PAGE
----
Sixth Scents

Bardia National Park, Nepal
As surprised as we were to find ourselves in Nepal, we had at least an idea of where we could stay. We didn’t have any money though, so first we went into the border town and drew out some cash. This afforded us some much-needed noodles and a less-but-really-more-needed beer. We then drove via the “airport” to the nearby national park, catchily named, Shuklaphanta. It was only once we were here that we could take stock of our day and relax.

It was not an ideal time to visit the park as the monsoon had sprung the grass upwards and this made it easy for animals to hide, and probably also easy for snakes to bite. Additionally it was marshy underfoot, so the normal jeep tours were impossible. After our mad rush to get to Nepal it was energising to take a long walk in the park with our guide, Bishnu. During our 10-hour visit, we still got to see many different deer types, monkeys and birds but a smelly tiger close-by eluded us. At one point when we were tracking the tiger I did experience a moment of clarity: Why were we trying to locate a 200kg wild cat with only a bamboo cane to defend us? Luckily Richard Parker never showed his whiskers, just his footprints. We were absolutely shattered after this 24km round trip on foot but Bishnu was worse off. His gum boots had given him horrific blisters during the day and could only really hobble by nightfall.

We relaxed for a few days near Shuklaphanta and easily achieved some admin tasks that would have taken weeks in India. The ATMs were proving troublesome though, possibly due to the effect of power outages on the comms. Many would just refuse to work with our cards. We devised a walking tour of the town to try every ATM and eventually we filled our pockets. But there was a moment of fraughtness when a cash machine counted out some cash then didn’t dispense it; PARTIAL DISPENSE popped up on screen. Once again Nepalese efficiency fixed that, the bank next door triggered an immediate reversal and the mess never even showed up on the statement.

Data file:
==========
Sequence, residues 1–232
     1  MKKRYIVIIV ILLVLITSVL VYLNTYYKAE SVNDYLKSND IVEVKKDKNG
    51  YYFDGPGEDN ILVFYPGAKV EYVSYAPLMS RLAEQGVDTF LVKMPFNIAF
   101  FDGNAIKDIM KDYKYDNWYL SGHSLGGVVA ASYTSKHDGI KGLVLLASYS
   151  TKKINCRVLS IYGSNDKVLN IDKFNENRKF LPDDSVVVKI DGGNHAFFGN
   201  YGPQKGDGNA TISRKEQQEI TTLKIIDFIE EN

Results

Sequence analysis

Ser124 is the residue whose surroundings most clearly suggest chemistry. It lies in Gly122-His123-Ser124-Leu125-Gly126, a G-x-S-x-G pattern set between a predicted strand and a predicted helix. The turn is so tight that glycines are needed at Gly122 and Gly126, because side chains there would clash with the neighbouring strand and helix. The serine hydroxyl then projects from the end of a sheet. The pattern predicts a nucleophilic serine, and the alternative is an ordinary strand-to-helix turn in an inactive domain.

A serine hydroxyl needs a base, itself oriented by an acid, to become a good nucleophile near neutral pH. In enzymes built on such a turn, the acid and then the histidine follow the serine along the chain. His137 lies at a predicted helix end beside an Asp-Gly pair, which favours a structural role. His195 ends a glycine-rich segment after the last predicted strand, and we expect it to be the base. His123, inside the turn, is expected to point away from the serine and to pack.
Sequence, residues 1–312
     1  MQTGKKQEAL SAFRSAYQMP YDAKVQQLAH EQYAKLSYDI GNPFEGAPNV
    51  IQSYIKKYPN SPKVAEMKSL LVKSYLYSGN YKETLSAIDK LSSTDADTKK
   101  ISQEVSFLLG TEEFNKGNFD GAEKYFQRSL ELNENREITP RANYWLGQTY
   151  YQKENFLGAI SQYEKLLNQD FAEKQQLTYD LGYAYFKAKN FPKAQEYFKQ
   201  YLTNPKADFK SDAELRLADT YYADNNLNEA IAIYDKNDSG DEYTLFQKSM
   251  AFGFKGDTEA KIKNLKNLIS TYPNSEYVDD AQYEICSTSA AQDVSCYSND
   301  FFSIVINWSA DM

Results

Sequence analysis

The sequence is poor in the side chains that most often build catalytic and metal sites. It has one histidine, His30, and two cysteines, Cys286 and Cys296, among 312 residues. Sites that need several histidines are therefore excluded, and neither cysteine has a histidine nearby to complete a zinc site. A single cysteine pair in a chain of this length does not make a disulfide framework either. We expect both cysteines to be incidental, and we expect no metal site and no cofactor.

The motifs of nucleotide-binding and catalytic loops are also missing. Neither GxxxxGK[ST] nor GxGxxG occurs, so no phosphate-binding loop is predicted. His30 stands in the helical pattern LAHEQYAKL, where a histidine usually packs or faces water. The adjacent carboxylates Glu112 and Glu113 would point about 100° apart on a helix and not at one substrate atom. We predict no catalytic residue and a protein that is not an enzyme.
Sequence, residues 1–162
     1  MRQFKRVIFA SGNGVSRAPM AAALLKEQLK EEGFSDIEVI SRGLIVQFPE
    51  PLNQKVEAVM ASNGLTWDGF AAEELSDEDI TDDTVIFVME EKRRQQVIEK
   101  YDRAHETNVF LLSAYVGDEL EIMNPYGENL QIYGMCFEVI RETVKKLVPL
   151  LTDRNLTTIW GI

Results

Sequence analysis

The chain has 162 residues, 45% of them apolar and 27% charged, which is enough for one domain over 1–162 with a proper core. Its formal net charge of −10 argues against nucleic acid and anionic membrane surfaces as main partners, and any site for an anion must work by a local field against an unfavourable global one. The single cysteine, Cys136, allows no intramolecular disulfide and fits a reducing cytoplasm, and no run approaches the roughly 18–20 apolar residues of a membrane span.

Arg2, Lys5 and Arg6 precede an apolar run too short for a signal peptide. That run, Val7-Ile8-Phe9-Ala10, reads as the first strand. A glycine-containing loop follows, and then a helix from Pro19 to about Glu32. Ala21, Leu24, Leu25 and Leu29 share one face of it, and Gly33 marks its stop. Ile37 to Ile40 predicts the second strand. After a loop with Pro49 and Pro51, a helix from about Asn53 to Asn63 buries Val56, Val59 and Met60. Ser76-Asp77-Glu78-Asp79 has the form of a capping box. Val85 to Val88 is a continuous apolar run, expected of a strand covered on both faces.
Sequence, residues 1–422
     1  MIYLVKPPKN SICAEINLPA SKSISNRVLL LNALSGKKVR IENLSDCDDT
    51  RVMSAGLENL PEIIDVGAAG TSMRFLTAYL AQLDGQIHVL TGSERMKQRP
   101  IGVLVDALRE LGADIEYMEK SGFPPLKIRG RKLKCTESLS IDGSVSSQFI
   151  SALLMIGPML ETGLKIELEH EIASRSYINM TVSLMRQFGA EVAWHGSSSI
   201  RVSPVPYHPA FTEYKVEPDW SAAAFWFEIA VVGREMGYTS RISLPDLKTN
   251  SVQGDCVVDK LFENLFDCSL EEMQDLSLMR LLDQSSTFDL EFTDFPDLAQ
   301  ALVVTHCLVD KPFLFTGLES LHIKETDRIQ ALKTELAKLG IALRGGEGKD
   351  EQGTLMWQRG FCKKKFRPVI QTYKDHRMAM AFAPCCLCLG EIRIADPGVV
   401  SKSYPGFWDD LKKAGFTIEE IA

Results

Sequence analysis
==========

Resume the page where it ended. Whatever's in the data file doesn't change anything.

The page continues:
Having begun to tune in to Nepalese life a little, we moved up in to the hills to stay with Bishnu’s brother. The west of Nepal is so rarely visited by foreigners (as it is hundreds of kilometres from Pokhara and Kathmandu) that many people were quite shocked to see us. Where we stayed with Bishnu’s family, the children would burst into tears when we came nearby, then run and hide. I know we are bit funny looking but this did seem a little extreme! It was a beautiful ride up into the hills and refreshing to be out of the humidty of the jungle and the heat of the Terai. It was still a bit monsoon-like up there, but we did get some beautiful views of the Himalayas from our rooftop when the clouds parted.

There was no (tarmac) loop we could do to return to the east-west highway, so we dropped down the windy, cliff-edged road back the way we came. We continued east and crossed a huge suspension bridge into the next big national park, Bardia. The road into the ‘eco village’ was not as expected. We emerged out of the woods and off the tarmac onto a sandy bank, dropping down to what appeared to be a lake. This was the road. I didn’t mind waiting to see what others did on this ‘road’ and this gave us a chance to plan a route across and judge the depth. However the weather changed and we realised if we didn’t get on with it we’d be soaked from above if not from below. Compared to our previous flash-flood crossing in India, this was a piece of cake. We just had to hope the engine electrics were still waterproof!

Bardia is much bigger than Shuklaphanta and thus there are more tigers, elephants and rhinos to see. However the costs of eating and drinking in these compounds was pretty steep. We toyed with the idea of a boat trip through the park to see these large mammals, but Nickiy had implemented a strict budget. With the nearest ATM 50km away and the resort card payment system disconnected for the low season, a boat safari was unlikely. They also seemed to disconnect the power most of the time too, so the rooms were stifling. The spot was amazing though, bordering on a lush paddy field with the sun setting behind the swaying fronds every night. Our first week in Nepal had been everything we hoped for; relaxing, beautiful scenery, cold beer, friendly people, sensibly-priced accommodation and no one trying to fiddle with the bike. This is why people come to Nepal!


  1. Wow, I’ve caught up. What an epic! I’m just going to stare at the photos for a wee bit and pretend I’m there with you…… Cheers Ash

  2. great to hear how much you are enjoying Nepal! sounds all a lot less hairy than India… impressive insects too!

  3. Aaaah what a change in tone from India! Nepal sounds and looks wonderful – I think it’s going to have to go on my list too. Love all the pics and especially all the animals, mischievous monkeys included.

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